Date of Award

2017

Degree Type

Dissertation

Degree Name

Doctor of Philosophy (PhD)

Graduate Group

Bioengineering

First Advisor

David P. Cormode

Abstract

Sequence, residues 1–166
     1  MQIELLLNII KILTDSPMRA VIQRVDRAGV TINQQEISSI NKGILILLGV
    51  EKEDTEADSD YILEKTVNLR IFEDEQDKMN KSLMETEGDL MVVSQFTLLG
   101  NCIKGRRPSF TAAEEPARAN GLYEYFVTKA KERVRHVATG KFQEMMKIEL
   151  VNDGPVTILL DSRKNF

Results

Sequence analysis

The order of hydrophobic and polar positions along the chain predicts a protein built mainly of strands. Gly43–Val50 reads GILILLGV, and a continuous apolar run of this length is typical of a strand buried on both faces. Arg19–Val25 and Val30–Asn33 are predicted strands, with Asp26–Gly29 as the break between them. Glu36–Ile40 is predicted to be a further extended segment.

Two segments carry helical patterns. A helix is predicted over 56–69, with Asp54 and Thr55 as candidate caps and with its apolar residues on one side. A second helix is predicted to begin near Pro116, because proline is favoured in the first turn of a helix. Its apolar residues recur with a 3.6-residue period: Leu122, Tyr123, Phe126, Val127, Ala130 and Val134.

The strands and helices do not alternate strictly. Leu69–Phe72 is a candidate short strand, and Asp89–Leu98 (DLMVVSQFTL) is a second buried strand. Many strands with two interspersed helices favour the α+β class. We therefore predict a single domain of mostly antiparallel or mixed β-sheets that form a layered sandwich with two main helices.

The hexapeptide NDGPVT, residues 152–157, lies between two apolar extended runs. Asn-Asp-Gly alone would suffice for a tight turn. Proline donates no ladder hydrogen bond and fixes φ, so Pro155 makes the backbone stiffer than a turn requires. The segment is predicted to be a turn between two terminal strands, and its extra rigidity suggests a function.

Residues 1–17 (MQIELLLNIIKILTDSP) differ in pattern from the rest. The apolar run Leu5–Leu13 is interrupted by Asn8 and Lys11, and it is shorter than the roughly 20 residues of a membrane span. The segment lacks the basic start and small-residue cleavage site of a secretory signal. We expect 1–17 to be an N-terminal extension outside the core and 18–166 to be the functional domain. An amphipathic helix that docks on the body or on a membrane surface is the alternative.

Cell tracking offers the opportunity to study migration and localization of cells in vivo, allowing investigations of disease mechanisms and drug efficacy. Monocytes play a key role in the progression of atherosclerotic plaques in the coronary arteries. While x-ray computed tomography (CT) is commonly used to clinically assess coronary plaque burden, cell tracking with CT is mostly unexplored. The establishment of monocyte cell tracking tools would allow for the direct investigation of gene and drug therapies aimed at monocyte recruitment in atherosclerosis. In this thesis, we present the design and optimization of gold nanoparticles as CT contrast agents for cell tracking of monocyte recruitment to atherosclerotic plaques. Gold nanoparticle polymer constructs with controlled localization are evaluated as potential monocyte labels. However, cytotoxic effects were observed at concentrations necessary for cell labeling. Therefore, variations in physical and chemical properties of gold nanoparticles were explored as cell labels for monocyte tracking. Each formulation was screened for effects on cell viability, cell function and uptake in monocytes. The uptake in monocytes revealed a complex relationship with nanoparticle size behavior dependent on the surface ligand used. This led to the selection of an optimal size and coating for monocyte labeling, 11-mercaptoundecanoic acid coated 15 nm gold nanoparticles. This formulation was further investigated for cell viability, function, and uptake with isolated primary monocytes. Moreover, primary monocytes labeled with this formulation were used to observe monocyte recruitment in atherosclerotic mice. Mice with early atherosclerotic plaques received intravenously injections of gold labeled monocytes and their recruitment to plaques were observed over 5 days with CT. Increases in CT attenuation in the plaque and transmission electron microscopy of plaque sections indicated the presence of gold labeled monocytes in the plaque. These results demonstrate the feasibility of using CT to track ex-vivo labeled cells non-invasively with CT and could further be used to investigate drugs aimed at modulating monocyte recruitment in the treatment of atherosclerosis. This work expands the applications of cell tracking and may lead to additional uses in other diseases.

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